syrup

some things are just better homemade

 
We posted a blog about homemade syrups a while back http://www.bittersandtwisted.com/content/ahhhhh-how-sweet and had a few people contact us looking for recipes that any bartender could use to get started. You know the sorts of syrups that are essential to certain drinks but that the commercial ones available leave a bit to be desired. So as we are always keen to please, we contacted a few friends who make their own to get their best recipes.
 
 
We started with a couple of syrups essential to tiki drinks (but also called for in many classic cocktail books). Orgeat and grenadine are two syrups that can transform a drink, but after a syrups tasting I did for Imbibe magazine last year, I was left thinking that the shop bought ones were pretty poor. Paul bases his recipes on a 50/50 sugar syrup (controversial, but having tasted the results who are we to argue?) which he makes in bulk, taking equal parts sugar and water and boiling them gently for about 20 minutes with crème de tartar (1/4 teaspoon will do 6 litres)
 
 
So here are a couple of recipes that Paul Bradley gave us that really hit the mark:

Ahhhhh... how sweet!

Back in October I was invited to be part of a panel tasting syrups for Imbibe magazine, for a piece which ran in the November issue. There was a lot of talk from the bartenders around the table about how much better homemade syrups are than those available commercially and they’re so right. I know I have the luxury of having a kitchen next door to my drinking room and only need to produce a small amount of any one syrup to satisfy my home drinking needs, but it makes me wonder why more people aren’t making their own?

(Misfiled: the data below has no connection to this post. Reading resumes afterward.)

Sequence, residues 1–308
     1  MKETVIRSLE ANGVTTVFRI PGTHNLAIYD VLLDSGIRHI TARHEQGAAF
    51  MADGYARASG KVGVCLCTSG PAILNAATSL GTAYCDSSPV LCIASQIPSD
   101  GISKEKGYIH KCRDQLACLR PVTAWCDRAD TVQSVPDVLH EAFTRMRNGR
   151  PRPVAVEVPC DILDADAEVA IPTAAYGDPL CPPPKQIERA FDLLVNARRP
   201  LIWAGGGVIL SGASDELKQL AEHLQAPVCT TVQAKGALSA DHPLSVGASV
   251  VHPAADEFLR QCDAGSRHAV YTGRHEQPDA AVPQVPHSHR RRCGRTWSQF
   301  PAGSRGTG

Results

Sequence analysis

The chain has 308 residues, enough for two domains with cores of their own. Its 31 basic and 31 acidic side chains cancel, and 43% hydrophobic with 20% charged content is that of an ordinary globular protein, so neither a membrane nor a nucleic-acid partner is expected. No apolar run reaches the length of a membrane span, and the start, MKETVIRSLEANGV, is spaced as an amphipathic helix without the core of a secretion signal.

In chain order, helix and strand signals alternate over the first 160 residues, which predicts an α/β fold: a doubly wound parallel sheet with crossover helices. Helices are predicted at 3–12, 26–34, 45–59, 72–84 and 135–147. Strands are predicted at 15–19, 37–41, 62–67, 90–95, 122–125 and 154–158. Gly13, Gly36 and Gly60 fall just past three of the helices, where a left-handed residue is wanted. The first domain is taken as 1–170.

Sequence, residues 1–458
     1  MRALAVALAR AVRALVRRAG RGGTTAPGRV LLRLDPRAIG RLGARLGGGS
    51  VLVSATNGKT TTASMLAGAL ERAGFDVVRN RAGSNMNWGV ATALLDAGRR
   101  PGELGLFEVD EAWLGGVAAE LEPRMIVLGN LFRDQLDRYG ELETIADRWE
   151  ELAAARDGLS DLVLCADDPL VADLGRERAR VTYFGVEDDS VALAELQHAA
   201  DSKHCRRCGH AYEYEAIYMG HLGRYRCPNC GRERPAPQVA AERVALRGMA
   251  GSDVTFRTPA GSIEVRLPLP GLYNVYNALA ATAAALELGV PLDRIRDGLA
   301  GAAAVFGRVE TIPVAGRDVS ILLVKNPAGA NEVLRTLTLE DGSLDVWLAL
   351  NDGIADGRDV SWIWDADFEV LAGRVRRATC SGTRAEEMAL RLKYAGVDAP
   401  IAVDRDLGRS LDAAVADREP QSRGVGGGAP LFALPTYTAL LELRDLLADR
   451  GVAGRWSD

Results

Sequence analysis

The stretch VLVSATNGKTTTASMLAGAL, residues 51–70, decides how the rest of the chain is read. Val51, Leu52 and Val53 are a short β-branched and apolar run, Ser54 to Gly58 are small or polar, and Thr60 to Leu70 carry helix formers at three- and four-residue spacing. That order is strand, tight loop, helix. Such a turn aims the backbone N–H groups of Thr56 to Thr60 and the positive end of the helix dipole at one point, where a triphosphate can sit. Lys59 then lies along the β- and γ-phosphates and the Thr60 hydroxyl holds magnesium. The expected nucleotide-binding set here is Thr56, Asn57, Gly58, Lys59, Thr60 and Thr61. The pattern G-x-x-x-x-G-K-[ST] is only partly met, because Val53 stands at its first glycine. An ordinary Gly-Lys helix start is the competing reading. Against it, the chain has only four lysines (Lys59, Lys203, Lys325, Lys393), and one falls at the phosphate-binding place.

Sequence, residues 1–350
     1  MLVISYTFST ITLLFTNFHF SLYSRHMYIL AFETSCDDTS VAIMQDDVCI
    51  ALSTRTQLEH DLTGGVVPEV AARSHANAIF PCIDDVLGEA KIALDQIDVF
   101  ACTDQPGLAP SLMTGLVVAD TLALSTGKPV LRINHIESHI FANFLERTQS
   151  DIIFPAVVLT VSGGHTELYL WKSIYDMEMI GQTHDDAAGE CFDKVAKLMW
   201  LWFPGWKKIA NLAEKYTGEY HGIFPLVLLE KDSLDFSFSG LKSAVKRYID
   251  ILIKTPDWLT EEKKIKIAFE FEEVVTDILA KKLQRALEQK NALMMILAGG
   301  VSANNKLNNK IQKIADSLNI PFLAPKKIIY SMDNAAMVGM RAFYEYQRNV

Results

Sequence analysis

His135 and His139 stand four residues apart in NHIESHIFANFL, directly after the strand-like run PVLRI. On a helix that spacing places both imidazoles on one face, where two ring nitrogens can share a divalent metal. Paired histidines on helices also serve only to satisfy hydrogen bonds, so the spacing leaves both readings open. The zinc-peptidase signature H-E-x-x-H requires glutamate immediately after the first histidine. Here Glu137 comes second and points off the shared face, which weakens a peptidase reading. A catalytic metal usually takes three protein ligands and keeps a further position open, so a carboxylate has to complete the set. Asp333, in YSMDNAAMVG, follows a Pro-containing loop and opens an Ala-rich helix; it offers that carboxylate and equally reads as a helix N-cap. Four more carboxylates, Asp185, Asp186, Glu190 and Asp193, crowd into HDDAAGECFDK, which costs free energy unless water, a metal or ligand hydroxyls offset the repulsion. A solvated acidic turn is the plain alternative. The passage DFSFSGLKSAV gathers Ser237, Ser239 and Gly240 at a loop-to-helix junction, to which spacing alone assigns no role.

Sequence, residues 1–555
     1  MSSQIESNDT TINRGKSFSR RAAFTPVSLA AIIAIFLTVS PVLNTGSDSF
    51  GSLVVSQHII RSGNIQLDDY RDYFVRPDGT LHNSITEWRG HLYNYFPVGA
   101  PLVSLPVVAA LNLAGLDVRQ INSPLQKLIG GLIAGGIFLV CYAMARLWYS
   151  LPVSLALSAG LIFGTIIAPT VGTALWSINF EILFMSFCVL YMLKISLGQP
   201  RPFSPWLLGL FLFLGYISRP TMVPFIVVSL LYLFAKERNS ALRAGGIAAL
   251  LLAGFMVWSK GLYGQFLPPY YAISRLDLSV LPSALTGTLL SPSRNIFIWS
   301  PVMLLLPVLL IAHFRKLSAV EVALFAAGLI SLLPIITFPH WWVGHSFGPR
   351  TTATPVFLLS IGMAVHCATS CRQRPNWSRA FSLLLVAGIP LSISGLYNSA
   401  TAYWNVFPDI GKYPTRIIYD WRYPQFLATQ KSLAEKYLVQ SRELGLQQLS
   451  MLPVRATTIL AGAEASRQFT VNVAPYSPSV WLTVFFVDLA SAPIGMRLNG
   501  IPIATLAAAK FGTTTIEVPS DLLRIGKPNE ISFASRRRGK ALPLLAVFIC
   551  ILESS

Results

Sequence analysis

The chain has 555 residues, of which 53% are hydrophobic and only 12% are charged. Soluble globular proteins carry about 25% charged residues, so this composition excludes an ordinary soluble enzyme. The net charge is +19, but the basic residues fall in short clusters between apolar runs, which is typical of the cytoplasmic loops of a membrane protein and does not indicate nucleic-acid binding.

Now I have been making syrups for use at home for a couple of years and am of the opinion that the results far outweigh the small amount of effort involved, so when a couple of friends came to stay over the weekend and expressed an interest in my homemade ingredients I saw a perfect excuse to get out the saucepans and sugar, grab a few ingredients and do an impromptu ‘master class’ on making your own sweeteners.
 
 
 
Simon and Caro are regular guests at maison b&t and I’ve successfully managed to encourage them to shake and stir their own cocktais at home, furnishing them with tools and books here and there; but even so, I was surprised at how quickly they grasped the idea of syrups and how inspired they to start creating their own flavours. I guess that it was an easy concept for them to grasp because they’re food lovers, so my gut feel that making homemade syrups and infusions might be a good stepping stone to get foodies thinking seriously about making cocktails at home, proved to be right.